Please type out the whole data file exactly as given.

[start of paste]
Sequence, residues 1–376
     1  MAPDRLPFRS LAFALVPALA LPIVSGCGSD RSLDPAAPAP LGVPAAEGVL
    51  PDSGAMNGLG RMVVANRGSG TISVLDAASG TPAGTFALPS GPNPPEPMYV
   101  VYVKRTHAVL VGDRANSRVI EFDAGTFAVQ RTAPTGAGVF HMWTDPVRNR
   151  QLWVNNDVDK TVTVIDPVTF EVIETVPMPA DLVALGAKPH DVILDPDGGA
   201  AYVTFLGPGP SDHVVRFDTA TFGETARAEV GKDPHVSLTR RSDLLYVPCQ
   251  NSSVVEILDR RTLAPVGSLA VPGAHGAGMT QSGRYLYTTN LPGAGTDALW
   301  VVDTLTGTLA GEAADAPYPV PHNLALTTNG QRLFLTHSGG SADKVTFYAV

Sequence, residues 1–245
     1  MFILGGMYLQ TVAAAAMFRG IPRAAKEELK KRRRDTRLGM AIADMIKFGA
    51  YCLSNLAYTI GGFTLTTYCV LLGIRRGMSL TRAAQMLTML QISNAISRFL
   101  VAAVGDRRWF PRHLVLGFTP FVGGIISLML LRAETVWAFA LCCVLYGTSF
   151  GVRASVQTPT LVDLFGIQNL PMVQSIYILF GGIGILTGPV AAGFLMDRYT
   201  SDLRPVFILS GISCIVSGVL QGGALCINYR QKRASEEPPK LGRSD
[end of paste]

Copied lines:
Sequence, residues 1–376
     1  MAPDRLPFRS LAFALVPALA LPIVSGCGSD RSLDPAAPAP LGVPAAEGVL
    51  PDSGAMNGLG RMVVANRGSG TISVLDAASG TPAGTFALPS GPNPPEPMYV
   101  VYVKRTHAVL VGDRANSRVI EFDAGTFAVQ RTAPTGAGVF HMWTDPVRNR
   151  QLWVNNDVDK TVTVIDPVTF EVIETVPMPA DLVALGAKPH DVILDPDGGA
   201  AYVTFLGPGP SDHVVRFDTA TFGETARAEV GKDPHVSLTR RSDLLYVPCQ
   251  NSSVVEILDR RTLAPVGSLA VPGAHGAGMT QSGRYLYTTN LPGAGTDALW
   301  VVDTLTGTLA GEAADAPYPV PHNLALTTNG QRLFLTHSGG SADKVTFYAV

Sequence, residues 1–245
     1  MFILGGMYLQ TVAAAAMFRG IPRAAKEELK KRRRDTRLGM AIADMIKFGA
    51  YCLSNLAYTI GGFTLTTYCV LLGIRRGMSL TRAAQMLTML QISNAISRFL
   101  VAAVGDRRWF PRHLVLGFTP FVGGIISLML LRAETVWAFA LCCVLYGTSF
   151  GVRASVQTPT LVDLFGIQNL PMVQSIYILF GGIGILTGPV AAGFLMDRYT
   201  SDLRPVFILS GISCIVSGVL QGGALCINYR QKRASEEPPK LGRSD